NeuroTribes: The Legacy of Autism and the Future of Neurodiversity
This very recent release describes the history of autism and how its diagnosis and treatment has changed over time. Perhaps most surprisingly, the book will redefine the way we think of "high functioning" and "low functioning" designations, the Asperger's label, and the notions of neurotypical development.
Journal of Best Practices, David Finch
This book was touching, but also laugh-out-loud funny at parts. Finch provides an intimate portrait not only of what it is like to have Asperger's syndrome, but also what kinds of methods allowed him to become more attentive to his wife and his family.
The Ball: Discovering the Object of the Game, John Fox
To anyone who knows me well, this may seem like a strange choice. From the first days of kindergarten, I developed an aversion to gym class and competitive play that has largely continued into adulthood. At the risk of angering my PE teacher friends, the way that my elementary teachers did "gym" was an incredible disservice to the less athletically inclined among us.
John Fox's The Ball not only gives a narrative history of ball-based games that reads like a collection of vignettes, but he also describes some of the neuroscience, discussed in further detail in my previous post here, that supports active play for children and adults. But don't go signing up kids for every organized sport there is just yet, there is also compelling evidence that free play with independent rule-making and conflict resolution may be as good or better than organized teams.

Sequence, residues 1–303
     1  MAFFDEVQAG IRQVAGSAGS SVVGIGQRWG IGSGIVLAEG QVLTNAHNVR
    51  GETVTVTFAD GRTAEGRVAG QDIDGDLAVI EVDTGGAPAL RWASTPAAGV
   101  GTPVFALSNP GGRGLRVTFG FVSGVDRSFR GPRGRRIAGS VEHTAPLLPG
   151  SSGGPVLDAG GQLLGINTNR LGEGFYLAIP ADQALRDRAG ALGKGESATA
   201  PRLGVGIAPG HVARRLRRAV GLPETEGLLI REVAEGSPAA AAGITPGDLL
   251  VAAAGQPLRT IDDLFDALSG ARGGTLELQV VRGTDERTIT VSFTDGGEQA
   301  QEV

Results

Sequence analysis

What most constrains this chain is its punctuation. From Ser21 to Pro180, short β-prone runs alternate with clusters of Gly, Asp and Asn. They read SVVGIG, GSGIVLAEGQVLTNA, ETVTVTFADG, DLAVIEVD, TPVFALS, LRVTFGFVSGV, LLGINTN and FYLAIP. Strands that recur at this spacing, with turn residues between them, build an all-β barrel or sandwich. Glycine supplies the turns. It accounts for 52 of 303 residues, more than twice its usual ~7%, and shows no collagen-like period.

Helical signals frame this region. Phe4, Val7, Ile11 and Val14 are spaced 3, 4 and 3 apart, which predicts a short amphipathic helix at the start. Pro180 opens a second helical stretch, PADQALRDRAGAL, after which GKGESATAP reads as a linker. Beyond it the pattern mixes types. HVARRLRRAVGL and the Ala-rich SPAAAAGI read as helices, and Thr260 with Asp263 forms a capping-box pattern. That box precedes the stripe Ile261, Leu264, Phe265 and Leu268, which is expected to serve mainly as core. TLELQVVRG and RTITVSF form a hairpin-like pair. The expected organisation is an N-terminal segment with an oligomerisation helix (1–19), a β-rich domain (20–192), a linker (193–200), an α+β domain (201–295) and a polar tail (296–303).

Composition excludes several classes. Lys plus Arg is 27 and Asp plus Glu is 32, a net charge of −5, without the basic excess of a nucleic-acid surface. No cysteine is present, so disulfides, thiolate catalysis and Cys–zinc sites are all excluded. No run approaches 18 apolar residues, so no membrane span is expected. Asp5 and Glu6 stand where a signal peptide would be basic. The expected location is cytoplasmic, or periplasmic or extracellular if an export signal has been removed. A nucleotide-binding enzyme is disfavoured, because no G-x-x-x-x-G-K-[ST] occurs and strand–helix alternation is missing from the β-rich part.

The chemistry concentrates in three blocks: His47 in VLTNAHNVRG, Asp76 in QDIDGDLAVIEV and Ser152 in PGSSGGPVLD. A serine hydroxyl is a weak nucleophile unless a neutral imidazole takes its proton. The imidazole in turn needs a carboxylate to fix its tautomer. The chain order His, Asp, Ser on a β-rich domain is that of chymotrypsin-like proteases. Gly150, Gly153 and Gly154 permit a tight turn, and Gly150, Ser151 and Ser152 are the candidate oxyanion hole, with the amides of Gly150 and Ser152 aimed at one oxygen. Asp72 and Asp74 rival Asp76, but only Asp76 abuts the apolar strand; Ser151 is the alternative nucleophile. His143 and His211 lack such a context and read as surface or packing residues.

As a content area teacher, you are supposed to know a lot about a few specific areas and topics. When you answer questions from inquisitive kids all day, however, it really helps to know a little about a lot of things. With the Intellectual Devotional series, each individual page has a brief summary of an important historical figure, event, or object and in this particular volume, all of the pages are related to American History. Certainly these books are not sufficient for really understanding a topic, but they are great as a quick read that can give you a quick awareness of a particular idea, or pique your interest in something new. I have read several of these, including the American History and Popular Culture editions, and you just never know when these topics will pop up and be helpful!